Improving existing operations to reduce risk, increase margins and yield competitive advantage is more important in the current market than ever – and we believe that analytics can provide the answer. This week Capgemini’s Business Analytics team are releasing a daily blog on some of the key use cases of Operational Analytics – today’s topic is Supply Chain Analytics
Demand sensing – creating a win-win situation for both consumer product and retail companies
Last autumn two clothing companies, Next and M&S, reported lower sales due to unusually warm weather. Predicting demand accurately has a direct impact on the performance of a company, though being able to do so depends on many internal and, sometimes unpredictable, external factors. Although it is almost impossible to plan for unpredictable events like weather, if necessary steps are taken, companies can react to changing consumer trends and demand signals much faster. In this post we are going to explore the benefits of collaboration between consumer product companies and retailers, and how demand sensing can help both in using demand signals in a challenging environment.
What is demand sensing?
Demand sensing can help improve organisations to be more demand driven. We can summarise demand sensing as incorporating downstream data with minimal latency to use both consumer and channel data, hence increasing organisations’ responsiveness to demand signals. Collaboration between CPs and retailers is critical to allow integration of downstream data such as ePOS. In terms of methodologies applied, demand sensing differs from traditional demand planning; instead of relying on time series models, more unstructured data is processed using predictive analytics and pattern recognition algorithms. Demand sensing will have an impact on the short term and is not a substitute of the demand planning systems, but rather a complementary tool to help make better and faster decisions.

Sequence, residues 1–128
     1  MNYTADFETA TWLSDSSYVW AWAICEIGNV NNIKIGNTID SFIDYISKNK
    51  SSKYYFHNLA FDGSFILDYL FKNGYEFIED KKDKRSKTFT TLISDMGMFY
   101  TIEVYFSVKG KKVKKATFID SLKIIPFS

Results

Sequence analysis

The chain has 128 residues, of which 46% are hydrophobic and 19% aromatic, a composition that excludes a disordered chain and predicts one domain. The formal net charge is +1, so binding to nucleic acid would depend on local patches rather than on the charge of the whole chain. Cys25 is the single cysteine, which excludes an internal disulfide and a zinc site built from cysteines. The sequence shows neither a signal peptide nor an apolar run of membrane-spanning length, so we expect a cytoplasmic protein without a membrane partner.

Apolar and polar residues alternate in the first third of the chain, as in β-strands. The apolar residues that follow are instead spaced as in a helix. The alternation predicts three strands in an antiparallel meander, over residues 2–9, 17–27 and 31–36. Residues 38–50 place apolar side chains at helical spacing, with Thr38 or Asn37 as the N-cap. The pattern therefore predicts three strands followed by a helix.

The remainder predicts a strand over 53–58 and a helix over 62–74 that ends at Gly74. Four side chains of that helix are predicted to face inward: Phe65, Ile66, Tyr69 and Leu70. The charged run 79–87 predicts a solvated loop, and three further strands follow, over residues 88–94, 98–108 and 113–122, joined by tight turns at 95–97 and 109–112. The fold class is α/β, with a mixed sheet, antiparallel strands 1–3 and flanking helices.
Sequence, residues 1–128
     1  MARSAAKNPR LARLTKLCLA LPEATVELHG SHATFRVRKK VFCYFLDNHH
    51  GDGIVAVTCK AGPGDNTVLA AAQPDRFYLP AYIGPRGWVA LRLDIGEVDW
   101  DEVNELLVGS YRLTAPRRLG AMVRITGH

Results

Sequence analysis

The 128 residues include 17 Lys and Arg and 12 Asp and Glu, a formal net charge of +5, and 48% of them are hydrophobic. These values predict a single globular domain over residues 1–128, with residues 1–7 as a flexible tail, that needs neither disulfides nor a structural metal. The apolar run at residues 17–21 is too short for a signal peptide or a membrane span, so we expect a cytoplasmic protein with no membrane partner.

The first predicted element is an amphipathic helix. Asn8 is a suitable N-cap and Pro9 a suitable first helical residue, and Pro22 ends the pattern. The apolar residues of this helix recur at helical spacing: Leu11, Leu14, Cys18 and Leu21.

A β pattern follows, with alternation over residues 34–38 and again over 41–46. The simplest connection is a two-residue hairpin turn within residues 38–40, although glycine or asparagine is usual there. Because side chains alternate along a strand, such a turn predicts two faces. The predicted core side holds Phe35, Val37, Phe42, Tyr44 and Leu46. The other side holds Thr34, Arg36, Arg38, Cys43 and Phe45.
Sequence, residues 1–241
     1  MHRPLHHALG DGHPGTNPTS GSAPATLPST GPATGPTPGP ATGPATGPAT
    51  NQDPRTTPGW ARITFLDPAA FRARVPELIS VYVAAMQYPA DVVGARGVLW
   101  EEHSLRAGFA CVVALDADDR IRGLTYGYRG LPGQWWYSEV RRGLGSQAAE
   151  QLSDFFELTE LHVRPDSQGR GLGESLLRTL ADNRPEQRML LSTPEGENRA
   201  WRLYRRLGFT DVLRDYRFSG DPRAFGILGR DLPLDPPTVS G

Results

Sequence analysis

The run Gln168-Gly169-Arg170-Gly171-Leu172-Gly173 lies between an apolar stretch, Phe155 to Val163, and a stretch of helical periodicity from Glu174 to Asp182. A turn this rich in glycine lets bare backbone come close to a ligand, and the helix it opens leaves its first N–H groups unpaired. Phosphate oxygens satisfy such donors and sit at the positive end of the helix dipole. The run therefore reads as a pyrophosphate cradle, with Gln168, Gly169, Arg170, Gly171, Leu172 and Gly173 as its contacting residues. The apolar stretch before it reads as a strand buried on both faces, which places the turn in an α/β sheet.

Certain industries are more suited than others for a demand sensing implementation; let’s consider the fashion industry. With few exceptions, most companies do place their orders 3-6 months in advance in preparation of a new season. By the time demand signals are observed, it’s generally too late for the company to adjust inventory levels. However, there are still some potential benefits that companies with long lead times can achieve; such as store level assortment optimisation and out-of-stock reduction. Conversely, FMCG lead times vary between 4-12 weeks, which enables companies to react to demand much faster and adjust inventory levels based on observed demand signals.
Why change now?
Demand sensing itself is not a new concept and it’s been around for more than a decade. Some large CPG companies have already implemented and started benefiting from demand sensing solutions. Some of the early criticism of demand sensing points to usage of only historical data but not incorporating useful and forward looking data points like promotion plans, weather and supply constraints.
With the advancement in technologies and processing power, more and unstructured data can now be handled, and thanks to improved capabilities of machine learning, with minimal supervision. The new developments enable additional datasets to be analysed, previously very time consuming and cumbersome, but which can now be analysed in real-time. Incorporating datasets like promotions, weather, and social conversations/sentiment now addresses the earlier criticism and enables predictive demand signals to be uncovered.
What’s in it for CP companies and retailers?